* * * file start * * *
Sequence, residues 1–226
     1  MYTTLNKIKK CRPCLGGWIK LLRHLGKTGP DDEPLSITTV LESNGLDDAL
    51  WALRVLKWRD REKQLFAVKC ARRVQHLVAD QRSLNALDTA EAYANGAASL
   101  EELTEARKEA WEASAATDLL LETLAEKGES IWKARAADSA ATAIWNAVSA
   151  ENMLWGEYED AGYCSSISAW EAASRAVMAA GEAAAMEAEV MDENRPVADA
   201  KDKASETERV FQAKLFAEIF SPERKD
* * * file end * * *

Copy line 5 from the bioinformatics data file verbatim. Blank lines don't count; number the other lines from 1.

   151  ENMLWGEYED AGYCSSISAW EAASRAVMAA GEAAAMEAEV MDENRPVADA